Cooking really is just another type of language, and just like a language does, traditional dishes evolve over time, reflecting a change in custom, culture and lifestyle. Although it might offend some, I am not one to mind when a traditional recipe is adapted and simplified to suit more contemporary attitudes.

Bouillabaisse, or the ultimate mediterranean fish stew, is one of those recipes that die-hards will protect until their dying breath, throw their arms up in the air about varying methods and revere like a symbol of national heritage. In some ways it is, but should it really be?

This deeply flavored and slightly spicy fish soup originated in the South of France, and more specifically in the area around Marseille, a major fishing port. At the end of a good fishing day, the fishermen would collect all the small rock fish and shellfish that had collected at the bottom of their nets: too small and finicky to get much for at the market.

Mixing their modest harvest with typical Mediterranean ingredients – tomatoes, fennel, garlic, onion, olive oil – they would prepare an intensely flavored red/orange broth, either pouring it over boiled white fish or smashing the white fish into the broth, creating a thicker soup texture. The soup was served with a saffron infused aioli and a few slices of crusty bread.

Bouillabaisse was a typical poor man’s dish made from whatever fish and shellfish was on hand. In some ways, rather than being a strict recipe, bouillabaisse is more of a method to prepare available seafood.

Seafood isn’t usually associated with winter, when we tend to crave heavier ingredients: meat and carbs especially, but thinking that seafood is at it’s best in summer is a misconception, and some species are in fact at their peak in the cold months – specifically snappers, flathead, king prawns and pacific oysters.

A combination of white fish and shellfish forms the basis of bouillabaisse and everyone agrees: the more types, the better! The great thing about this is that it means you can just head over to your favourite fishmonger and choose based on the selection they have there rather than worrying whether they will have the fish you need. Choose a fishmonger which sells fresh fish primarily as this is more likely to reflect seasonality and sustainable practices.

Making the broth follows a fairly similar method across the board. The base ingredients typically are a combination of olive oil, garlic, tomatoes, saffron, fennel and morsels of the various types of fish simmered in fish stock (which can be bought already made or can easily be made at home). The broth is then strained through a sieve, removing solids, resulting in a brilliantly red/orange soup.

Last but not least, bouillabaisse is traditionally served with rouille and crusty bread. Rouille, which literally translates as rust in French is a tomato (and sometimes saffron) infused aioli (garlic mayonnaise). It’s delicious, has a lovely rusty color and takes the soup to another level. You’ll start eating the crusty bread to soak up the soup but I can almost guarantee, you’ll end up using it to swipe the rouille clean off your bowl.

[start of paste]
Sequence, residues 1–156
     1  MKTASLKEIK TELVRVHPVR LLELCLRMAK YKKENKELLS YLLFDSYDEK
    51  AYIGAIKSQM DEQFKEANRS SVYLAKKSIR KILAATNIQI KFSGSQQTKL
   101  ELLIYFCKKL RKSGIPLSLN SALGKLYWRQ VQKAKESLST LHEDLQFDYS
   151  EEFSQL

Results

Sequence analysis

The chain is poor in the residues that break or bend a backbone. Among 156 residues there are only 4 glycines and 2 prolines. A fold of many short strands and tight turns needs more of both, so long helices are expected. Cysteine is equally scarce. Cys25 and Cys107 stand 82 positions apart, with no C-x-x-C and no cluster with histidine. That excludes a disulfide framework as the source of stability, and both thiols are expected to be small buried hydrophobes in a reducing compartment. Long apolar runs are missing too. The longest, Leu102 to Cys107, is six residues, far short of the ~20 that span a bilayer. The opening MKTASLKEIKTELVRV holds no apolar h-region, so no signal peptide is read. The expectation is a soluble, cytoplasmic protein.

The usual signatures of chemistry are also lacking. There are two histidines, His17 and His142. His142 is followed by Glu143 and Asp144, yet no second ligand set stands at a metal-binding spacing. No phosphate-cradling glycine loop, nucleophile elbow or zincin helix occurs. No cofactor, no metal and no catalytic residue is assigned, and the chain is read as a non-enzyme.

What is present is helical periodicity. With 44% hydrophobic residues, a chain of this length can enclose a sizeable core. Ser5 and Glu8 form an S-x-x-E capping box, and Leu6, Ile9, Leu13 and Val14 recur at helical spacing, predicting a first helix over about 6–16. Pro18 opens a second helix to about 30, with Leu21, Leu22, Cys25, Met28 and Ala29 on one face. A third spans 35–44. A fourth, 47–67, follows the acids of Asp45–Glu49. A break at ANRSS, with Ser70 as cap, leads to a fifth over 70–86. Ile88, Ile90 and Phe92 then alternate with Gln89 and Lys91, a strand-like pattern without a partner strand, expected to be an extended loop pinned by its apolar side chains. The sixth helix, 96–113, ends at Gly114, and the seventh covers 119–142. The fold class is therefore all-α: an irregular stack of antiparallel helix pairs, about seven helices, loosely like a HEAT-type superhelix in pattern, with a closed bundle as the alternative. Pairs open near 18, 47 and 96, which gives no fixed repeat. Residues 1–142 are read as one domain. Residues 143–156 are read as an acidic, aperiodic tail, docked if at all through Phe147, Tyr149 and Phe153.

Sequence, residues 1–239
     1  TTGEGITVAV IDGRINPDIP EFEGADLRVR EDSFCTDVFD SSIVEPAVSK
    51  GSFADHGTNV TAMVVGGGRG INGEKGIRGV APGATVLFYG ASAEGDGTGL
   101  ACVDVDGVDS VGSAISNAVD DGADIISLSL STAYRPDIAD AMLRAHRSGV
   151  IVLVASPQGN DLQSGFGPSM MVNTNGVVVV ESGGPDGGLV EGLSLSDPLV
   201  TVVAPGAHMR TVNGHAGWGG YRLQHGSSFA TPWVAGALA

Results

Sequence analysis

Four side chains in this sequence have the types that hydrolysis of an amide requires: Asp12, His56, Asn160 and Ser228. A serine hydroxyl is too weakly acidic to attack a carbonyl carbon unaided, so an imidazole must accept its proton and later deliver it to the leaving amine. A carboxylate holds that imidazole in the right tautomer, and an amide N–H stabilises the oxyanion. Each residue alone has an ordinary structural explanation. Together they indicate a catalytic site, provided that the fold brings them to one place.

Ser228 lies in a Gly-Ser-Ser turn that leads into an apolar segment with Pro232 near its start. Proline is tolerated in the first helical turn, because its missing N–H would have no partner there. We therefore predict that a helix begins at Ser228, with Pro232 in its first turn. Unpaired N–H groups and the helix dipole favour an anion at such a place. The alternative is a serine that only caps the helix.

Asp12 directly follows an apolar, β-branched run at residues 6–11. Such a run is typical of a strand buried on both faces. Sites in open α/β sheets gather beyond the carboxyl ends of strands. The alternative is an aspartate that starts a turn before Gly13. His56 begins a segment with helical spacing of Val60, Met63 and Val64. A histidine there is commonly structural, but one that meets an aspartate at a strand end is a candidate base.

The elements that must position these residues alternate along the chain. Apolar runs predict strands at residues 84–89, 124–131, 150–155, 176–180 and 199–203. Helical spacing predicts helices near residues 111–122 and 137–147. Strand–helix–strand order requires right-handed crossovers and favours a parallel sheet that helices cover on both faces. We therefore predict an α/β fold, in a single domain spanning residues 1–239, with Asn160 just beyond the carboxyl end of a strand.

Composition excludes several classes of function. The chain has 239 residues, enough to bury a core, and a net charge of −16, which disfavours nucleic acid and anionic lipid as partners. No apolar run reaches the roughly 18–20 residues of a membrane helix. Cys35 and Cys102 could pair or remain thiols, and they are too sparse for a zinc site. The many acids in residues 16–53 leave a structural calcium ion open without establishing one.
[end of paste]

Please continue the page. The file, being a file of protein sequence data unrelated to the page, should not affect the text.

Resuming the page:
While I have had my share of bouillabaisse growing up in the south of France, I had never made it so the recipe which follows is a combination of a few recipes I have found in various sources. There are many ways to enjoy this dish: The fine soup might be poured directly over the whole cooked fish, or the fish is incorporated into the soup, blended together to form a fairly thick and textured soup. the combinations of fish and shellfish are completely up to you: mussels, oysters, crab meat can all become a topping to this dish. Although there is a fair bit of tradition associated with the good old bouillabaisse, the best way to enjoy it is simply to make the recipe your own.

Bouillabaisse with rouille, serves 4

Ingredients for the soupe

About a kilo of various fish fillets: combination of flaky, white, firm etc…, roughly chopped

Olive oil

Thick strip of orange peel

1 fennel bulb, chopped

3 tomatoes, chopped

2 garlic cloves. crushed

handful of thyme sprigs

2 celery stalks, sliced

3 tbsp tomato paste

2 tbsp fennel seeds

Pinch of saffron

100ml pernod

700g combination shellfish (prawns, scallops, crab meat, mussels etc…)

1 baguette

750cl fish stock

Ingredients for the Rouille

1 clove of garlic

a small pinch of saffron

sea salt + freshly ground pepper

250ml ready made mayonnaise

lemon juice

1 tsp tomato paste


Roughly chop the fish. Heat the oil in a large pot over medium heat. Saute the fish for 5 minutes. Add the orange peel, fennel, tomato, garlic, thyme and celery. Mix well. Add the tomato paste, fennel seeds, saffron and pernod. Cook for 3 minutes, then gradually add the fish stock to cover. Simmer for approx. 40 minutes.

Remove soup from heat. Using a stick blender, blend until smooth. Pass through a fine sieve, return to saucepan and heat (you can return some of the fish puree to the soup if you want to make it thicker and textured). Add the shellfish to broth and cook for a few minutes.

To make the saffron aioli (rouille), smash a clove of garlic, a tiny squeeze of lemon juice, and the saffron with a small pinch of salt in a pestle and mortar until it turns into mush. Add a tablespoon of mayonnaise and tomato paste and pound again. Stir in the rest of the mayo. Taste and season with a little more lemon juice, salt and pepper.

To serve, place shellfish in a bowl and cover with soup. Sprinkle with parsley. Spoon rouille onto crusty bread. Top the soup with the bread to serve.

ps: any left-over fish puree can be used to make fishcakes the next day.

What is your favorite way of enjoying seafood in winter? Is there a recipe you would like to share with our readers?